The future of the Stability and Growth Pact

Merits and limits of the Commission's proposal and an alternative approach. 


Vision Think Tank1 - March 2023

The Stability and Growth Pact is everywhere, but not in economics statistics. We can rephrase the Nobel Prize Robert Solow to express the paradox of probably one of the most contradictory regulations adopted by the European Union. Before it was suspended in 2020 to deal with the pandemic, the Pact got to be criticized by both the States worried about stability – the Nordic ones – and those in great need of growth (as Italy and Spain). Two months ago, the European Commission proposed a revision of the pact, which has both merits and limitations that are worth discussing to improve one of the cornerstones of European Integration. 

But what is the Pact?

The Pact is a set of rules aimed at ensuring that Member States pursue sound public finances and coordinate their fiscal policies, to enforce the deficit and debt limits established by the Maastricht Treaty. The fiscal discipline is ensured by the Pact by imposing each Member State limits on government deficit (3% of GDP) and debt (60% of GDP).

Those who easily speak of the failure of the EU economic governance system, adopted in 1997 and last reformed in 2013, are wrong. The creation – never tested before in history – of a monetary union among sovereign states in 1999 created the risk of a weak incentive among less rigorous countries to control their finances. The Pact had the merit of preventing even worse troubles than those experienced with Greece in 2011.

And yet, if we look at the statistics, the critics seem to be right.  Referring to the years before the pandemic- that led the finance of all countries to explode - as many as 13 out of the 28 EU countries still had public debt to GDP ratios higher than the 60% limit set by the Treaties – with higher debt levels within the Euro area than outside. At the same time, the growth of the Euro area itself (2% between 2014 and 2019) continued to be structurally lower than that of the major economies (3% in the Us; over 6% in China and India).

The existing EU framework establishes similar adjustment efforts, although Member States have lots of differences about of their debt position and fiscal risks. Some States have a very high debt exceeding  90% of GDP (Greece and Italy the worste countries). 14 States have a debt lower than the 60% limit, while many are in an intermediate situation.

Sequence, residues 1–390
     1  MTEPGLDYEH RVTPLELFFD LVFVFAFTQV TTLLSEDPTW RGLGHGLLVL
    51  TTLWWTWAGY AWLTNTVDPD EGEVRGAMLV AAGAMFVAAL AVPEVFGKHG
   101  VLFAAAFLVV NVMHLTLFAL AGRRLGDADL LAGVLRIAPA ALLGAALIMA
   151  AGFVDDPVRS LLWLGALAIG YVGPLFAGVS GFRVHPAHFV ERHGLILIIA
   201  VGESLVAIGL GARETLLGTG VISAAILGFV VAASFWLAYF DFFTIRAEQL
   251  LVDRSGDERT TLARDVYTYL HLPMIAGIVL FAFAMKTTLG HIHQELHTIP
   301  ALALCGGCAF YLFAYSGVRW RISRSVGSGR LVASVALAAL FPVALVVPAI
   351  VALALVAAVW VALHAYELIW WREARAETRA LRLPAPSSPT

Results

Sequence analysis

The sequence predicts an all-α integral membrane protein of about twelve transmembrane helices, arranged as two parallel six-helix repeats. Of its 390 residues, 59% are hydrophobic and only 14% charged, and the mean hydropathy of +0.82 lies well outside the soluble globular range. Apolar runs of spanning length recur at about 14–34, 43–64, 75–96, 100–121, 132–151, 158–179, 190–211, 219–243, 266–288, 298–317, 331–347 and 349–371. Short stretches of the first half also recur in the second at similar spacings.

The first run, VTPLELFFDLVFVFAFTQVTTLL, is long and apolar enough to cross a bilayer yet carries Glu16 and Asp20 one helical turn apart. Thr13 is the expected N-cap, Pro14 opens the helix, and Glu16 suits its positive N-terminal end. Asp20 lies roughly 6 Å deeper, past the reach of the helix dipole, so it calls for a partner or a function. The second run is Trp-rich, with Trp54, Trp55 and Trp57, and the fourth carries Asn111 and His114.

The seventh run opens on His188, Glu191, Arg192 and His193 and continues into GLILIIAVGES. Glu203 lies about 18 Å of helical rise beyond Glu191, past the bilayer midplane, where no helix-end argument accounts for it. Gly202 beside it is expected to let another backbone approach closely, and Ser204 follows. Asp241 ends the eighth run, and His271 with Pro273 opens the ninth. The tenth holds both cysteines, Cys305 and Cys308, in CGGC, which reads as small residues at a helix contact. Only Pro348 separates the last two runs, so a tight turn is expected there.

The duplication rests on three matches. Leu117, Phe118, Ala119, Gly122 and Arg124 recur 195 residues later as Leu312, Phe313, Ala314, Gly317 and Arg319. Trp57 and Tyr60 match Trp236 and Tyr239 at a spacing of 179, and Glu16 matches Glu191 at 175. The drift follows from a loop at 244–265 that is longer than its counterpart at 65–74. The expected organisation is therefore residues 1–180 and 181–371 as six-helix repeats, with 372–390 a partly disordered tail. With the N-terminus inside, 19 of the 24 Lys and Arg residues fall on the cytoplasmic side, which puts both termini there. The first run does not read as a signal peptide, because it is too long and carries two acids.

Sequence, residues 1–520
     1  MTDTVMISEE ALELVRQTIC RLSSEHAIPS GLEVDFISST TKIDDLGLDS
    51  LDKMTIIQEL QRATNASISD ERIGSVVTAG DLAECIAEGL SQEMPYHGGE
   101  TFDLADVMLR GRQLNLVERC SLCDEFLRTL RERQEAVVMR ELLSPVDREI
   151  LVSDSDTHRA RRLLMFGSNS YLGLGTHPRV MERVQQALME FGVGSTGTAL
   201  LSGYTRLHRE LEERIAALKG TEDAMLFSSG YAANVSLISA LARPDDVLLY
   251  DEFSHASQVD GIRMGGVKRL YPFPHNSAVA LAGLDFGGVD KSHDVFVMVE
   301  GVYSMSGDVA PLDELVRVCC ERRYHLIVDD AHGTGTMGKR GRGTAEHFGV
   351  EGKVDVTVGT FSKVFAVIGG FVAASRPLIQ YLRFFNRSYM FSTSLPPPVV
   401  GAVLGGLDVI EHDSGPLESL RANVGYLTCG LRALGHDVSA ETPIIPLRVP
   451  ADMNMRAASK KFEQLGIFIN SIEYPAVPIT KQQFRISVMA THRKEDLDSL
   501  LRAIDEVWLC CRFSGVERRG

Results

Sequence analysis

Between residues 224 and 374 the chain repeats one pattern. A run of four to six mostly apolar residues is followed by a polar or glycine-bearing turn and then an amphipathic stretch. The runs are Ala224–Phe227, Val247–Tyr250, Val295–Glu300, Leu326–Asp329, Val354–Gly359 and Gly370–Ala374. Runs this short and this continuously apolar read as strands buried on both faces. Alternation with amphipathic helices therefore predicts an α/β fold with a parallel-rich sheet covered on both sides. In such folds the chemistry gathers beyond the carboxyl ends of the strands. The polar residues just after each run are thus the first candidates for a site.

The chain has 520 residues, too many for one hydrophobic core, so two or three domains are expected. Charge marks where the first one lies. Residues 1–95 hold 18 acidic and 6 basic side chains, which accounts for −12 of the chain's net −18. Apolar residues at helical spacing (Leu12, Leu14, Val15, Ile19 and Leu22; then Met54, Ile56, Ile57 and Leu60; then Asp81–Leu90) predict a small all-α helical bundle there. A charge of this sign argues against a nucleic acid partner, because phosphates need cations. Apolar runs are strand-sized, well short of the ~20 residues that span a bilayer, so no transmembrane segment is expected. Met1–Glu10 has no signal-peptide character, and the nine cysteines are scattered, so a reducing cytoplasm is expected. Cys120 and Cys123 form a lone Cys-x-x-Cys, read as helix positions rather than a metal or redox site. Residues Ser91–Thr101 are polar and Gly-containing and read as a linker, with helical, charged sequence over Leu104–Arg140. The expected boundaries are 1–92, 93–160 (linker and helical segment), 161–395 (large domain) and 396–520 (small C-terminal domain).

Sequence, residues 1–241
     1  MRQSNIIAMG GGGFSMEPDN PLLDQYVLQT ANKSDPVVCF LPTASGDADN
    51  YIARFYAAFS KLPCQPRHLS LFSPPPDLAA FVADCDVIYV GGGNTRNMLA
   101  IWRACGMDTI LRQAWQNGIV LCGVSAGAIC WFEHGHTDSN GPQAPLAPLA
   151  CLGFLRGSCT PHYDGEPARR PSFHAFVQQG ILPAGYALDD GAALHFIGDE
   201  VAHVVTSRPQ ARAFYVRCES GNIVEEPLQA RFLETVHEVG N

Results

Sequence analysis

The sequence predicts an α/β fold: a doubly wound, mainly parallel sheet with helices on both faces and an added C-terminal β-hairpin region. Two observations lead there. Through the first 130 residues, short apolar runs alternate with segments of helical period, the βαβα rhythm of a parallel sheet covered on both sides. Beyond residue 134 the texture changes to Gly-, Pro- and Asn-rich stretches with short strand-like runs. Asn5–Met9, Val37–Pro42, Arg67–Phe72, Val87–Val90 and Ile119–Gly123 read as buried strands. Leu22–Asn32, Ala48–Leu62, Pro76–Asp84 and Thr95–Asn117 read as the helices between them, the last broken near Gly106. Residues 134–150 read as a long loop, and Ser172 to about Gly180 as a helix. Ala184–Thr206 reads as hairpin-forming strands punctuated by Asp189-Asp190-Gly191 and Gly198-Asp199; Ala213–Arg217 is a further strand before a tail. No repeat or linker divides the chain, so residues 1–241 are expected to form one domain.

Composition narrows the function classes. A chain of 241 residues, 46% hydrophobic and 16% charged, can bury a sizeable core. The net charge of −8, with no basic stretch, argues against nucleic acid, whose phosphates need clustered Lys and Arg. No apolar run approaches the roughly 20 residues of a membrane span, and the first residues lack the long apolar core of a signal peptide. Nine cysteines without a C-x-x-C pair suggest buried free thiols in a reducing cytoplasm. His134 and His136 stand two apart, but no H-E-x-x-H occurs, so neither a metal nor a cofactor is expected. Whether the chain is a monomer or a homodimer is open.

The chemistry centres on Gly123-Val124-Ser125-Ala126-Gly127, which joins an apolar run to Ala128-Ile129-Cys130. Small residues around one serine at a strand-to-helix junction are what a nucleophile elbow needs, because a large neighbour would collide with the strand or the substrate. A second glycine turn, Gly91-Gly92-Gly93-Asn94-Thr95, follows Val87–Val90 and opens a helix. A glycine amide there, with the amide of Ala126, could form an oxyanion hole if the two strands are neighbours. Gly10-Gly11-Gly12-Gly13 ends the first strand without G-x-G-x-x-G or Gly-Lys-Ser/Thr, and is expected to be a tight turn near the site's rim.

graph debt gdp ue

The Commission's proposal

The 9th of November, the Commission made a new proposal which has already become partially operational with the guidelines announced yesterday - 8th March - by Commissioners Gentiloni and Dombrovskis. The Member States will have to follow the guidelines for the next year. 

The 3% rule on the deficit remains unchanged and applies to everyone; moreover, if violated, the excessive deficit procedure continues to apply.

The proposal formulates a new fiscal coordination process divided into four phases. Countries are divided into three groups with high, medium and low vulnerability on debt, using a consolidated analysis method. More specifically, the ex-ante division is based on the debt/GDP ratio: less than 60%, between 60 and 90% and higher than 90% with differentiated rules for each group. 
Secondly, the Commission defines a path to recovery that, compared to the current mechanism, does not use the deficit but public spending as an indicator (in order to exclude the effect of higher taxes, but also the charges automatically applied in the event of a crisis).
Eventually, each country proposes a plan of reforms and investments (as for the Recovery and Resilience Plan) that can raise the growth or reduce debt in the medium term, with a slower adjustment path. In particular, countries with a debt exceeding 60%,  propose their own multi-year plan to reduce the debt-to-GDP ratio.